LAWRIE WILLIAMS: Huge rise in Turkish gold imports in December
The political dissent in Turkey and the accompanying government clampdown on accused dissidents, coupled with the country’s active participation in the civil war in neighbouring Syria and the raised terrorist threat and action, has seen a big increase in gold imports into the country in December.
According to Reuters. gold imports to Turkey rose to 36.7 tonnes in December, up from 4.65 tonnes in the same period a year earlier, their highest monthly level in just over two years. And, for 2016 as a whole, imports more than doubled to 106.2 tonnes from 48.7 tonnes in 2015, the latest data shows.
Turkey has been a key conduit for gold flowing into other Middle Eastern nations – notably Iran when the latter had sanctions imposed on it. Turkey is a big importer of Iranian natural gas, and paying for this in gold enabled monetary sanctions to be circumvented. Turkey does have a burgeoning gold mining sector, but overall only produced around 27.4 tonnes in 2015 – a fall from the two previous years according to consultancy Metals Focus. Its mine production apparently peaked in 2013 at 33.6 tonnes, but there has been a considerable amount of gold exploration and some good sized deposits have been delineated. One can probably expect gold output to rise in the years ahead.
If one classifies Turkey as being in Europe, which it likes to do itself, and Russia as being in Asia, Turkey is very comfortably the European continent’s largest gold producer, although technically all the gold output comes from mines in the Asia Minor part of the country. According to the Turkish Gold Miners Association (TGMA), the country hosts some of the world’s largest gold deposits with reserves of 800 tonnes and predicted resources of 5,700 tonnes. However contrary to TGMA forecasts which were looking for 50 tonnes of gold output in 2015 the miners have fallen short due to working lower grades and permitting difficulties which have hindered some expansions and new projects – although perhaps only temporarily. 2016 gold mine output is thus estimated at around 30 tonnes. Turkey is, according to the IMF, the world’s 13th largest holder of gold at 452.5 tonnes. However the nation includes gold holdings by it commercial banks in its total figure so this level is more prone to fluctuation than that for most other nations.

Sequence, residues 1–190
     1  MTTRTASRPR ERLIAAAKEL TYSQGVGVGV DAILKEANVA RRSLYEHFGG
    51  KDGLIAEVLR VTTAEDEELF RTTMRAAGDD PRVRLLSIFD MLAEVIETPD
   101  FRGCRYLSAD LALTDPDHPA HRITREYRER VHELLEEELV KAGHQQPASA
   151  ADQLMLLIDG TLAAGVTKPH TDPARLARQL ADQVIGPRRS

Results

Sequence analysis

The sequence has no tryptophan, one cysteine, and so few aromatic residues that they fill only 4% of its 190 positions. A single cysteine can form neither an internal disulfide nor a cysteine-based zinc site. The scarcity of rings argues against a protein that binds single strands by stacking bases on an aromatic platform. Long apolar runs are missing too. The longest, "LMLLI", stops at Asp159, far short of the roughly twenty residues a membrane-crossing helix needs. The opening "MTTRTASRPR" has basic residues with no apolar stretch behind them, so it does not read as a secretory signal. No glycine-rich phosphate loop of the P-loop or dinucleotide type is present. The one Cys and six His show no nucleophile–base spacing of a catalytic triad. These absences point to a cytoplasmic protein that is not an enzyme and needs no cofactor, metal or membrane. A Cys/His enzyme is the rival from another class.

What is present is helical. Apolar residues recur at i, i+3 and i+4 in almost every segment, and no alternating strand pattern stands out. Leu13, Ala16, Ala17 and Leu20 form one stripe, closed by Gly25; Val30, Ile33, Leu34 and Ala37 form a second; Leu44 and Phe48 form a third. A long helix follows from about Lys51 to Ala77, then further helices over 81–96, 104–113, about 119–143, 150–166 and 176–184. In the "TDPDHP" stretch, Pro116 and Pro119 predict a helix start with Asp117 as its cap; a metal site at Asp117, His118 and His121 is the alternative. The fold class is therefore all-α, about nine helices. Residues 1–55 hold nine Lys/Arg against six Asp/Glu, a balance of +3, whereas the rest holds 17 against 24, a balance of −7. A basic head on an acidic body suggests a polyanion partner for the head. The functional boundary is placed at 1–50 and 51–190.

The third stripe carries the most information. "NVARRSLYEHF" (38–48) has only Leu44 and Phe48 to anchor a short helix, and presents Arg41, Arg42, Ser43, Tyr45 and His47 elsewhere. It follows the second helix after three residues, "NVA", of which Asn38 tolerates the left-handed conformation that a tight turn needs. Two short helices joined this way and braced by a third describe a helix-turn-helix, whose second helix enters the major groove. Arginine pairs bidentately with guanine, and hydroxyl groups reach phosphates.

While Turkey may be acting as a gold conduit into Iran, it is also a major consumer of gold in its own right and it citizenry has a strong affinity for the yellow metal. A World Gold Council report, published in early 2015 about the role of gold in Turkey entitled ‘Turkey: Gold in action’ was introduced thus: “At an average of 181 tonnes per annum over the past 10 years, Turkey is the world’s fourth largest consumer of gold accounting for around 6% of global consumer demand, and we estimate that Turkish households have accumulated at least 3,500t of ‘under-the-pillow’ gold.” This serves to demonstrate just how important Turkey’s role is in the global supply/demand/hoarding equation. While nowhere near China and India as a top gold importer it is hugely significant as an ‘also ran’ gold consumer so the big rise in the December import figure is an important pointer towards gold demand in areas of unrest, or close to them.